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Wednesday, 03 September 2014

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Cumbria fishing course hopes to land apprentices

A UNIQUE sea fishing apprenticeship has been launched to boost employment in north and west Cumbria.

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Trawler: ’We are looking for applicants determined enough to work in hard industry’

The scheme for local applicants is to be run initially as a pilot which will and then hopefully continue in following years.

The Whitby and District Fishing Industry Training School aims to attract and enrol six people aged between 16 and 24 to complete the Level 2 Apprenticeship in Maritime Studies – Sea Fishing.

Successful applicants will lodge in Whitby, North Yorkshire for ten weeks.

They will complete classroom based training in all aspects of the sea fishing industry.

Apprentices will then return to their coastal area to complete work-based learning on board local west coast fishing boats, supported by a an area training coordinator in their area.

The scheme is being run by Whitby and District Fishing Industry Training School, which is presently the only training centre in the UK to offer this apprenticeship.

Chief executive Anne Hornigold said: “The apprenticeship has been running now for nearly 11 years. We are thrilled to have received funding support for this pilot scheme via the North & West Cumbria FLAG and the MMO, and step-up to the challenge with enthusiasm.

“We are looking for applicants who are determined enough to work in a hard industry”.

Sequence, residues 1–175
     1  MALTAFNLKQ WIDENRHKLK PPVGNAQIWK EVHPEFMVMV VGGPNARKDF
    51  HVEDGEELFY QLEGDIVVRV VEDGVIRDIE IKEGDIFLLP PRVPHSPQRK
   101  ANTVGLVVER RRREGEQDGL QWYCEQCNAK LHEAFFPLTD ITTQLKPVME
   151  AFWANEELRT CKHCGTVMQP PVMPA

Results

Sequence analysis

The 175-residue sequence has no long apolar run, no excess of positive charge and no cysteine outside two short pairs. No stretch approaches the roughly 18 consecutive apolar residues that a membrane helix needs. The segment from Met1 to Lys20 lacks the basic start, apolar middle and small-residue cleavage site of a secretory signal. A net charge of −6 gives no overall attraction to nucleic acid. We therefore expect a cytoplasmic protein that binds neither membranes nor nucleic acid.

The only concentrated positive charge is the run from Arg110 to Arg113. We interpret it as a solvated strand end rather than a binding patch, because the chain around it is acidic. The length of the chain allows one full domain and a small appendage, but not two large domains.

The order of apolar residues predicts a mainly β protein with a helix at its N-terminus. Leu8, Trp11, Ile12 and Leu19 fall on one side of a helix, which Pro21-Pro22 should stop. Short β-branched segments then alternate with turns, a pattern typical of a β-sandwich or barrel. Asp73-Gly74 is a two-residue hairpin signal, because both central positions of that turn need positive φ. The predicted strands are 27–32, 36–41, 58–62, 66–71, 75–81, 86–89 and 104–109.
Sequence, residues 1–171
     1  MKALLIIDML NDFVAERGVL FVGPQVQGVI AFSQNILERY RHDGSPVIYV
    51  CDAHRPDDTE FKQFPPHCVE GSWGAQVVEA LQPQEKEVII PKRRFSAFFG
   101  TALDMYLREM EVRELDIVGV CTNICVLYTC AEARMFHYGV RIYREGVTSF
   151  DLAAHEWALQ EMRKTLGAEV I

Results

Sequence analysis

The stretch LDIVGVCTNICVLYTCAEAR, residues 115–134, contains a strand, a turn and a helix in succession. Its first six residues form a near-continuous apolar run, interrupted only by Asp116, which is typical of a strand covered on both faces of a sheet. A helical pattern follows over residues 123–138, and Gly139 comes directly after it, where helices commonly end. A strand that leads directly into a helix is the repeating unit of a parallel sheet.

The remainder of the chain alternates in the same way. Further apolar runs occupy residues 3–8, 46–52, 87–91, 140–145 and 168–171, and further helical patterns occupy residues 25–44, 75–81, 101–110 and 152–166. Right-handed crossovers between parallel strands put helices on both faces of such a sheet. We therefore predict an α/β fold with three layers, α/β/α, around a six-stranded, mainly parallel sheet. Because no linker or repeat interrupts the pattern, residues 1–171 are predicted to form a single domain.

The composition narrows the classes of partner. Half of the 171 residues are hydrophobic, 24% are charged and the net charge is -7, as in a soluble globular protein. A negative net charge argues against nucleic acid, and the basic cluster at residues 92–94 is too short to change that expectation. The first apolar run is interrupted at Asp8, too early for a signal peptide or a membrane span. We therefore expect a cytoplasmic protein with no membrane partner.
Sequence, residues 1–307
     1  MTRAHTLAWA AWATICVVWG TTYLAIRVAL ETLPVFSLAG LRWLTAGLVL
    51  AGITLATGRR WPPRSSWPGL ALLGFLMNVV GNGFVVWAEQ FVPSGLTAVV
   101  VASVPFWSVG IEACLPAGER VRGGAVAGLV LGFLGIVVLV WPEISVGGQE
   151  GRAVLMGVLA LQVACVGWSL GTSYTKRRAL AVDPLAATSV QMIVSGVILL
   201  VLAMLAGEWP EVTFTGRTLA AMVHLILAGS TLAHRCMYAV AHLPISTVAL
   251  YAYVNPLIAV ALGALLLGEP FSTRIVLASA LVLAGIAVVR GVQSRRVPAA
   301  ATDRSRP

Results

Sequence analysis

She added: “One west Cumbrian lad who had just started fishing said he would rather come over here and start the apprenticeship to get all the qualifications.”

The scheme, to begin in January 2013, is currently advertising for a full time training coordinator who is local to the coastal area and who will guide the apprentices through their sea-going training.

The scheme will also require the support of at least six west coast skippers and crew who are willing to take on an apprentice to train.

The skippers will not be required to pay a share to the apprentice, who will be funded via an alternative scheme.

The course places a very strong emphasis on safety.

Ms Hornigold said: “Safety is absolutely paramount. We have run this system for 11 years and we haven’t had a single accident.”

The course is supported by the North and West Cumbria Fisheries Local Action Group, and the Marine Management Organisation.

Candidates must have a basic level of maths and English and two good references to be selected for the course.

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